Not Wanted (1949)

Not Wanted
Director: officially Elmer Clifton, actually Ida Lupino
Writer: Paul Jarrico, Ida Lupino
Cast: Sally Forrest, Keefe Brasselle, Leo Penn, Dorothy Adams, Wheaton Chambers, Rita Lupino, Ruth Clifford
Part of: Viennale
Seen on: 1.11.2015

Sally (Sally Forest) works as a waitress, the only place where she can get out from under the wings of her protective family. When she meets pianist Steve (Leo Penn) while out with her friends, she falls in love. Steve seems to like her, too, but a short while later he announces that he has to move to the city. Before he does, the two sleep together. After he moved, Sally doesn’t hear from him anymore, but she does realize that she is pregnant. She runs away to the city, half hoping that Steve will change his mind, half trying to escape her now tainted reputation.

Not Wanted is a film that is packed to the brim with social critique, sensitivity and political thinking, but also wonderful characters that you just feel for, perfectly straddling the line between particularities necessary for a story and the universalism that is expressed through that particular story.


Let me first say a bit about the history of the film which I found personally really interesting. From what I gather, Clifton was set to direct but around the time filming started, he had a heart attack and asked Lupino to take over for him, which she did, although still consulting with him a lot. He died shortly after the release of the film and since Lupino collaborated as closely with him as circumstances allowed, they decided to keep him as the directore at least in name, although the film was effectively Lupino’s directorial debut.

Due to its topic, the film almost disappeared, but a slightly recut version of the film survived as part of the stock of a traveling cinema. It was altered insofar as the opening credits were cut and actual medical teaching footage of a Cesarian section (in color) was inserted into the film at an opportune moment. Nothing else was changed, but this is the version we got to see, Cesarian section and all (we got a fascinating introduction into the technical voyage of the film that ended with a highly flammable nitro copy – which was announced to be a 35mm copy – being sent to Austria which was digitized here).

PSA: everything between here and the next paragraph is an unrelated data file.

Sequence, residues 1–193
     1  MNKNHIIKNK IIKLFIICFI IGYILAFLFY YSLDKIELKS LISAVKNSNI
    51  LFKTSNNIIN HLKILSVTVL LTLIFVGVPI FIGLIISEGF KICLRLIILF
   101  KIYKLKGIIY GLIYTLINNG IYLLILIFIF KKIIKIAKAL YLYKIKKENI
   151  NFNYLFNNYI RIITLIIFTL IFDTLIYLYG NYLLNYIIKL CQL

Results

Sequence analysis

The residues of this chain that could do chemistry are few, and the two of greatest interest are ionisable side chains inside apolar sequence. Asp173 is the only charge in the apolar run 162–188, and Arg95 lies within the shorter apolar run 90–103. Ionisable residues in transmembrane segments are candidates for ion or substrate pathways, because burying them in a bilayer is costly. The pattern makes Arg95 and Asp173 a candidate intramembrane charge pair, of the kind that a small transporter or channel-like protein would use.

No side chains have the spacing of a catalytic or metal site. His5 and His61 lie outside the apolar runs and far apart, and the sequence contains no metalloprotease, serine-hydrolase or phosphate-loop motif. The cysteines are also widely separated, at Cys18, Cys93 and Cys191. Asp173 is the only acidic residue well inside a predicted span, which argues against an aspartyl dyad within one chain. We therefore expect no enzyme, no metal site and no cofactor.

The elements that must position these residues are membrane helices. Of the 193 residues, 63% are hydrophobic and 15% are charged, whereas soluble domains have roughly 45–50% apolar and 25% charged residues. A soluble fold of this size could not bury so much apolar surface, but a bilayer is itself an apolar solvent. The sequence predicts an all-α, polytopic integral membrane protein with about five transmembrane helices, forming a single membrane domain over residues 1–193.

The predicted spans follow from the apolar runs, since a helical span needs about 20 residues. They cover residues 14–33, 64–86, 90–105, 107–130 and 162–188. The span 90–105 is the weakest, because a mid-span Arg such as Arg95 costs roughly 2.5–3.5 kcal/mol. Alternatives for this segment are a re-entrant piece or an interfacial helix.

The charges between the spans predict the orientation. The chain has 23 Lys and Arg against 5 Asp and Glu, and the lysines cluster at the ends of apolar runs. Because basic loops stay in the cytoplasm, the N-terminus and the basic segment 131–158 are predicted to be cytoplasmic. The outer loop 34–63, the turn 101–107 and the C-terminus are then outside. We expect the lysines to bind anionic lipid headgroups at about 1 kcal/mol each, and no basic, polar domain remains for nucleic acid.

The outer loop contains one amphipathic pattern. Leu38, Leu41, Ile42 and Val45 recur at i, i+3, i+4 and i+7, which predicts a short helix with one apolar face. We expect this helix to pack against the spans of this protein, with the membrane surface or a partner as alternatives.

not-wanted1So much for the introductory words, now to the film itself: it is frankly astounding that this film is the work of a first time director, even when in collaboration with a more seasoned one like Clifton. It’s not only that the film feels perfectly developed, it’s especially amazing when it comes to the characters: I could just feel with all of them and the way the film puts you in Sally’s perspective seems so incredibly effortless and unforced, you barely realize that’s what happens. Apart from my general sympathy for Sally and my heart breaking over and over again for her, I noticed in particular when I thought that I wouldn’t mind fucking Steve and then again when my heart started to flutter for stupid model train nerd Drew (Keefe Brasselle).

Of course, unwed mothers nowadays are not that much of an issue anymore. But there is still a lot of unnecessary restraints women (in particular) are under that can make their lives so incredibly miserable. It’s not hard to imagine the pain Sally goes through and that seems so avoidable from today’s perspective transplanted into current settings when you see what women have to go through if they want to get an abortion. This keeps Not Wanted still very much relevant today, even when it’s core problem isn’t that much of a problem anymore. Let’s hope that it won’t take much longer until putting women through hell for an abortion seems equally horrible as putting them through hell for getting pregnant out of wedlock.

Summarizing: Give me more Lupino, I’m ready.

1 thought on “Not Wanted (1949)

  1. Pingback: Frau Dorothys Bekenntnis [Mrs. Dane’s Confession] (1921) | kalafudra's Stuff

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